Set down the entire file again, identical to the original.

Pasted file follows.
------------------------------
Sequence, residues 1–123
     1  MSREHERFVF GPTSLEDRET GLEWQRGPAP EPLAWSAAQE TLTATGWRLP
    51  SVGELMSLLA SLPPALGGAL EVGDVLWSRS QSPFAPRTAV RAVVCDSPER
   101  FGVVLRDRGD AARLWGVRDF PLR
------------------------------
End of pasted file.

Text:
Sequence, residues 1–123
     1  MSREHERFVF GPTSLEDRET GLEWQRGPAP EPLAWSAAQE TLTATGWRLP
    51  SVGELMSLLA SLPPALGGAL EVGDVLWSRS QSPFAPRTAV RAVVCDSPER
   101  FGVVLRDRGD AARLWGVRDF PLR